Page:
Live Review

Ian McLagan & the Bump Band

Ian McLagan & The Bump Band on December 31, 1969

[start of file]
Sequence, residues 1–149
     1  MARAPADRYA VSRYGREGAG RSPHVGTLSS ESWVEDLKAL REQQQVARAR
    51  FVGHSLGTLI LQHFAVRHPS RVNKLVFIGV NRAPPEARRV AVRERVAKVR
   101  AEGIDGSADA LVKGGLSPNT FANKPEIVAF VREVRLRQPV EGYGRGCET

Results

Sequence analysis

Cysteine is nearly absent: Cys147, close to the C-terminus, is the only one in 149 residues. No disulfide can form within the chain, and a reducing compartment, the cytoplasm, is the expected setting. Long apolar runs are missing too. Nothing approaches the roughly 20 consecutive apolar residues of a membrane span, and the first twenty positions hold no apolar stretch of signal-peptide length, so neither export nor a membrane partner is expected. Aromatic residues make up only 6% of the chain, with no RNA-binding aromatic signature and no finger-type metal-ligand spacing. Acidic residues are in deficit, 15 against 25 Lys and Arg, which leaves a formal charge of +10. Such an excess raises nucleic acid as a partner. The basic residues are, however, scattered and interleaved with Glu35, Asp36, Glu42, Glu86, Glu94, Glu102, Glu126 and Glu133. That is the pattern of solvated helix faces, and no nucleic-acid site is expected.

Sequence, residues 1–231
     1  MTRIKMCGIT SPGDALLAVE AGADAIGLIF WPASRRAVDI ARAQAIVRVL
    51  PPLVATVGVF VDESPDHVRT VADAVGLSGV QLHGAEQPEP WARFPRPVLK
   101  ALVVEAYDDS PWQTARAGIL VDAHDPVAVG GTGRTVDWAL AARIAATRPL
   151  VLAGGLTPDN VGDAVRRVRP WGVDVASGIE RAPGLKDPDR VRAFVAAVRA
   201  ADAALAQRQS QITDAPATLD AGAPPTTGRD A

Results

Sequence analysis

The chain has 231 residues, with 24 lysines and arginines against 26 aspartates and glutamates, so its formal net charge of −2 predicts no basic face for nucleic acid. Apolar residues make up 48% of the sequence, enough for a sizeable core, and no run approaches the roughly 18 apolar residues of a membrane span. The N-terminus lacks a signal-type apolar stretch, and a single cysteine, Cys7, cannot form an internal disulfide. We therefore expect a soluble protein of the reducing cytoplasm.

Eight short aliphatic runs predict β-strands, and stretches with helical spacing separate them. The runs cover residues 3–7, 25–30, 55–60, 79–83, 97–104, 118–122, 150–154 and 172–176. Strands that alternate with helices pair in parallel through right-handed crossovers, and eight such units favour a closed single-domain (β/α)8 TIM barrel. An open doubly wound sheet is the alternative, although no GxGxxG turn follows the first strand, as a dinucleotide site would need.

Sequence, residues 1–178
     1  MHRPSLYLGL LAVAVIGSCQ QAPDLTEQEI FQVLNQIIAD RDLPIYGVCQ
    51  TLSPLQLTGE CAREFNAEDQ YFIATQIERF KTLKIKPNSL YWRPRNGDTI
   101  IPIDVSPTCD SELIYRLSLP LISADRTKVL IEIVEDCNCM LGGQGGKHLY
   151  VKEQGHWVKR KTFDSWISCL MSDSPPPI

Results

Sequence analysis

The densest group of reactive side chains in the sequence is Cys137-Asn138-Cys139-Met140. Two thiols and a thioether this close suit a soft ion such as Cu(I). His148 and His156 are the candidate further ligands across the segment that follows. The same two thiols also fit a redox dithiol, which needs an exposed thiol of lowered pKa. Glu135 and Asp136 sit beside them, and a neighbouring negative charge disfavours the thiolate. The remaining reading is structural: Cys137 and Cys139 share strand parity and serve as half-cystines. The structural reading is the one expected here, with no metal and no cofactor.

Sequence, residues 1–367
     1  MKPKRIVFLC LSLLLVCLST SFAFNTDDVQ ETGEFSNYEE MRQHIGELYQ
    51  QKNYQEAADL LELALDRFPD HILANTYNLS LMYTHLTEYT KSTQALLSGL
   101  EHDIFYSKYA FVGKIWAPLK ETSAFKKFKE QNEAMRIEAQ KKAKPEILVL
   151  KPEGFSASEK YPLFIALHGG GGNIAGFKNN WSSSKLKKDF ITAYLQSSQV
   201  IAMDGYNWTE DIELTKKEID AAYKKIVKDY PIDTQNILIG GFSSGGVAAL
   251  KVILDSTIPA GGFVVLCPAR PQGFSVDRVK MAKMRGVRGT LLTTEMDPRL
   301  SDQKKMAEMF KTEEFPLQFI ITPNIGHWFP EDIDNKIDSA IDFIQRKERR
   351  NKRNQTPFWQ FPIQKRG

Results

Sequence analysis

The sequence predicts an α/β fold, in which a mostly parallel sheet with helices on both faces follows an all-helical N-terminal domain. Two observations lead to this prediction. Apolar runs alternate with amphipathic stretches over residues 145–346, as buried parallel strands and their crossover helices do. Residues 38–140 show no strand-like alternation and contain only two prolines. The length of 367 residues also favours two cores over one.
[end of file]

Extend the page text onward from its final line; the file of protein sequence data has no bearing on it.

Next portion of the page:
One of the great love stories of the rock era came to a sad end in August 2006, when Kim McLagan beloved wife, best friend and muse to ex-Small Faces keyboardist Ian McLagan died in a car accident in Texas. That's a blow you wouldn't wish on anyone, but especially the impish McLagan, one of the most charming pub-rock raconteurs in the game. Never Say Never is his response, and it's to McLagan's credit that it plays more like a raucous wake than a mopey funeral. It helps that at least some of the album is outer-directed. "A Little Black Number" might be the closest thing this good-times ambassador has ever written to a protest song, evoking the hardship of enforced wartime separations: "He's in a picture on a table by the bed/Across the ocean, but he's always in her head." And "I'm Hot, You're Cool" is some fun role-playing, tough-guy posturing set astride a pumping boogie-woogie piano riff and a killer bar-band groove. Here and elsewhere, McLagan's Bump Band shines, especially guitarist Scrappy Jud Newcomb. Still, the songs most directly about Kim make up the heart of the album. "Killing Me With Love", a goofy devotional song McLagan wrote before her death, is almost painful to hear now not unlike listening to those Double Fantasy love songs after John Lennon's murder. Most affecting of all are the record's bookends, starting with the title track. McLagan ruminates about unexpectedly seeing Kim (or her ghost), but she's always just out of reach. Nine songs later, "When The Crying Is Over" closes Never Say Never on a stately note, with gospel-styled piano. McLagan laments his love's absence but vows, "We'll be together again," someday on that other shore. Then at the peak of the song, he puts aside the piano to stab in with a churchy keyboard solo that sounds like a dam bursting, and it's waterworks time. It is catharsis well-earned. Ian McLagan interview on Nashville's WRLT, 3-2-09